Plastic Trophies and Ill-Fitting Suits: A Hitchhiker’s Guide to Speech and Debate
Pimply teens in business attire filled the crowded prep room, already resembling the corporate consultants and cable news pundits they would one day become. It was 2017 and after doing Extemporaneous Speaking — a type of competitive high school speech — for only a year at this point, I already had mixed feelings. I had a community in Forensics — as we call it in my school — but I was getting tired of the cut-and-dry, formulaic thinking that Extemp in particular encouraged. This predictability was somewhat of a necessity, however. After all, we’re only given half an hour to prepare and deliver a seven-minute speech on unique current event topics each round.
Whenever you deliver an Extemp speech, you know what you are going to say. You open with an AGD, or attention-grabbing device, often sounding like Agent Smith from The Matrix failing to land a punchline. Then you give some background context before ultimately repeating the round’s question verbatim and answering with an (always) “resounding” yes or no for “three key reasons.”
So there I was, fifteen in a gray suit, my speech on Filipino terrorism in my hand, ready to turn this whole thing on its head; why not have some fun? I began my AGD:
“There is a term for a sexually attractive older woman and that term is MILF, standing for ‘mom I’d like to… sexual expletive.’ However, if you were to travel to the Philippines, you’d find that MILF stands for something completely different. The Moro Islamic Liberation Front has been waging war on the Filipino government for six months…”
Look, I was fifteen, dying to showcase some individuality and had just learned there’s literally a terrorist organization called “the MILF.” The absurdity was pleading to be acknowledged. What would you do? Looking back now, as a senior and co-captain of my school’s Extemp team, I’m not so sure. I yearn for more tongue-in-cheek deconstructions of what it means to act “professionally” as a student, but as captain, I find myself advising my freshmen not to deliver such edgy material. Though, I think now I’d stay away from that joke in particular. To some extent, I’m older and wiser, but I’m also afraid I’m perpetuating the status quo of an extracurricular activity that so desperately needs a postmodern shot in the arm. Ultimately, Extemp is the place where students start to find their identity and become politically aware so we ought not to shy away from free expression… all the jokes and political opinions that come with it.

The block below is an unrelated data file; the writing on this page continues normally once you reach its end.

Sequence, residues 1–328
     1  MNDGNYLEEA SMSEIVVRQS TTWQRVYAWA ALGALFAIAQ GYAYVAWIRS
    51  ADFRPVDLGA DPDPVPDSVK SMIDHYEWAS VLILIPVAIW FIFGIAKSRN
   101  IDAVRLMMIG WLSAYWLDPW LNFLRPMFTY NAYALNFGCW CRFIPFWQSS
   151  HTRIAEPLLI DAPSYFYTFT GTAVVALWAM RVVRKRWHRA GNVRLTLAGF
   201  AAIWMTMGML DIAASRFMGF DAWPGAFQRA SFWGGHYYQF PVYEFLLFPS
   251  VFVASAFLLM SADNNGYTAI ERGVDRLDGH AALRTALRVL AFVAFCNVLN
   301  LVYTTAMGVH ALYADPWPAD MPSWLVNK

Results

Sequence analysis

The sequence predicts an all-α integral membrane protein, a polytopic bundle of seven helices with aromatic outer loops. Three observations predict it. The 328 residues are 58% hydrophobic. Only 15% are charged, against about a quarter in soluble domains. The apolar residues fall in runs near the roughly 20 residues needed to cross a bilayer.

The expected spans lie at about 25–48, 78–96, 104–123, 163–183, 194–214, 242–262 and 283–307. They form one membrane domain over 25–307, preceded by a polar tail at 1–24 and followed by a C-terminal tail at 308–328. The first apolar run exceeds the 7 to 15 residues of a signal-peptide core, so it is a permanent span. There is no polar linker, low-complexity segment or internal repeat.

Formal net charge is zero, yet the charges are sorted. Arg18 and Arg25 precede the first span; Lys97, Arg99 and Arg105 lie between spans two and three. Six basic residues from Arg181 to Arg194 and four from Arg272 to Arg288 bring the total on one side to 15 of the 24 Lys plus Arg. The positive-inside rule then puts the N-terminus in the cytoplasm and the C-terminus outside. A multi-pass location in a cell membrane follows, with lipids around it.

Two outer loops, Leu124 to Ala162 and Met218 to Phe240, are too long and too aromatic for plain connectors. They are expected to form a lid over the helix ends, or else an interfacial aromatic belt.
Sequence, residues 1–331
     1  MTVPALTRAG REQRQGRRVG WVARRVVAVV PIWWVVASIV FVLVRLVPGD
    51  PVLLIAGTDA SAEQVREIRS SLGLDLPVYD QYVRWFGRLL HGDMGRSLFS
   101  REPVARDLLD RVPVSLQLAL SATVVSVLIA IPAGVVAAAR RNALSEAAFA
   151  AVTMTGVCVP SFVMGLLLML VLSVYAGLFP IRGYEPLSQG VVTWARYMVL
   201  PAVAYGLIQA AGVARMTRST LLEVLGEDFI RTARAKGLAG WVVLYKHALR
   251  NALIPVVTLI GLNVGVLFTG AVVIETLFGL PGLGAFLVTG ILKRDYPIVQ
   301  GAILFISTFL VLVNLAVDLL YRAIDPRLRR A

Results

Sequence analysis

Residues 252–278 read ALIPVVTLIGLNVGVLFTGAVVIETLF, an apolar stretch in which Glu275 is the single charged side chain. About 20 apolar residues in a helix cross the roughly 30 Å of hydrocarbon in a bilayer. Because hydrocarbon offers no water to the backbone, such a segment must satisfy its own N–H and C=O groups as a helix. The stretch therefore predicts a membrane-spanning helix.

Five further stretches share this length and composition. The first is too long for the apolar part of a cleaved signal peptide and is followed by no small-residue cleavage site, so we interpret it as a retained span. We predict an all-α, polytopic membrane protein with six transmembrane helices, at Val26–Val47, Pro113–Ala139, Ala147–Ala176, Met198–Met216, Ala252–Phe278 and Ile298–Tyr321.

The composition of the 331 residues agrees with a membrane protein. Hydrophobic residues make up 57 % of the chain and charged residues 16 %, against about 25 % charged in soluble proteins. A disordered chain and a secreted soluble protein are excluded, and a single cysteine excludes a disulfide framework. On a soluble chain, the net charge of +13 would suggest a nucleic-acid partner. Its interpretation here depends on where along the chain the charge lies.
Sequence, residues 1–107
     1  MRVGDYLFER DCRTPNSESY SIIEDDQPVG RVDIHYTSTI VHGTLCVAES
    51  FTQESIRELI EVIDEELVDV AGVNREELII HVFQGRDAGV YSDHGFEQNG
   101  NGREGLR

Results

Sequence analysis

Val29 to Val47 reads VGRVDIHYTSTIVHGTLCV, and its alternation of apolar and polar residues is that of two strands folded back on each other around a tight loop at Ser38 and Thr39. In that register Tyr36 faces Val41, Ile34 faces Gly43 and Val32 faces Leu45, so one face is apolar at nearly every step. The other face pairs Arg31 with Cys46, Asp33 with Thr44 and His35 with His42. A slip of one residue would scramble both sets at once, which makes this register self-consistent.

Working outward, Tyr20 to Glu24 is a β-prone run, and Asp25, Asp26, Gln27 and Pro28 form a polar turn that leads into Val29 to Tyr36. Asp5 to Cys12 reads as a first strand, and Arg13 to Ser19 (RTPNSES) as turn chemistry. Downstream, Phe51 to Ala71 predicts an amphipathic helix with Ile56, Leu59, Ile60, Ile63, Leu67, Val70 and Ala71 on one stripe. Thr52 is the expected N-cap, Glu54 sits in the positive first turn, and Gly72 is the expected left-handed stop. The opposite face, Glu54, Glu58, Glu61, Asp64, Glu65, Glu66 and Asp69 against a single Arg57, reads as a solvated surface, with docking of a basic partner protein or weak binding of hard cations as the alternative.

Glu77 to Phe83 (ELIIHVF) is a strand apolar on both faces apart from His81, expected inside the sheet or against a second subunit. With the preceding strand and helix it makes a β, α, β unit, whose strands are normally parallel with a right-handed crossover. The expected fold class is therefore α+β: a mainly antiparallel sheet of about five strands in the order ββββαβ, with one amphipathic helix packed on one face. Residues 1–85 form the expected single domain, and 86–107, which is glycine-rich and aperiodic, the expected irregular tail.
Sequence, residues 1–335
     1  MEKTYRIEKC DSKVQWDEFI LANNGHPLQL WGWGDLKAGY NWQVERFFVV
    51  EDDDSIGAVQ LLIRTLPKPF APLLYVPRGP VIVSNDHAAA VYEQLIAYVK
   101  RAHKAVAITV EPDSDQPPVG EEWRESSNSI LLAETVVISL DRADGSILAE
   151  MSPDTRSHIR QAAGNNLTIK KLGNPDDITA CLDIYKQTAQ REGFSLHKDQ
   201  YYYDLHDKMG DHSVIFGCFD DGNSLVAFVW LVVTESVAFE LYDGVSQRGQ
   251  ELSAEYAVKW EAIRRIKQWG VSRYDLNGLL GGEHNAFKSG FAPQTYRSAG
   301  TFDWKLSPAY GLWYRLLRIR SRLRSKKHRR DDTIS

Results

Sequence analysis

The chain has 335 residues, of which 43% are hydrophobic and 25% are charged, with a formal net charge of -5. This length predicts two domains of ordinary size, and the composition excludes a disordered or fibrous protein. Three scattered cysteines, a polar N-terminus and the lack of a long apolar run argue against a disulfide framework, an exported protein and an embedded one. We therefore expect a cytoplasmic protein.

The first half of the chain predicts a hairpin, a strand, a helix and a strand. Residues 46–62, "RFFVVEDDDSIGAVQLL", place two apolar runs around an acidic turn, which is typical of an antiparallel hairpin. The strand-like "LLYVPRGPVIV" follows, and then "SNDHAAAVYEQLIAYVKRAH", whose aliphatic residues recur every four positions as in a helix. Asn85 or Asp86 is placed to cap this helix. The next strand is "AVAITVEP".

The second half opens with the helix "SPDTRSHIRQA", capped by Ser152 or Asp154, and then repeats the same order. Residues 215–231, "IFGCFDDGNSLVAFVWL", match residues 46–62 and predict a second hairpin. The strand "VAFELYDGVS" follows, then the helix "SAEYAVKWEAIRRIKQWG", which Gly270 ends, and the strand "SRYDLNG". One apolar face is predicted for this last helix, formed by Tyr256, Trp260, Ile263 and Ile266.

We can all extol the virtues of speech and debate; I certainly received invaluable skills from it. In the three and a half years I have been in high school, I have spent most of it with my captains after hours, competing on Saturdays and winning plastic trophies. It’s certainly been the defining factor of my high school career. As a senior, I have “worked my way up the ranks” to become Extemp captain and the team President. And as much as I have entrenched myself lovingly in the community, that doesn’t stop things from irking me. I also want to make explicitly clear that I am not expressing discontent with the students who participate in this event, merely the culture it encourages.
While Forensics gets its share of criticism, from inside and out, none of it seems to touch upon the frustrations I have. For instance, last October the New York Times published an op-ed entitled, “Are School Debate Competitions Bad for Our Political Discourse?” While the article agreed with my assessment that Forensics isn’t necessarily a boon for political progress, it relied on reasoning like, “The goal is not to determine the most reasonable or fair-minded approach to an issue, but to defend a given claim at all costs.” The article spoke specifically about the debate side of speech and debate where students prep both sides of an argument then present/defend one side at random during a round. The author was concerned that debate has produced and will produce politicians and voters who are too ideologically dogmatic and unwilling to compromise, having not been taught skills in deliberation, but rather argumentation.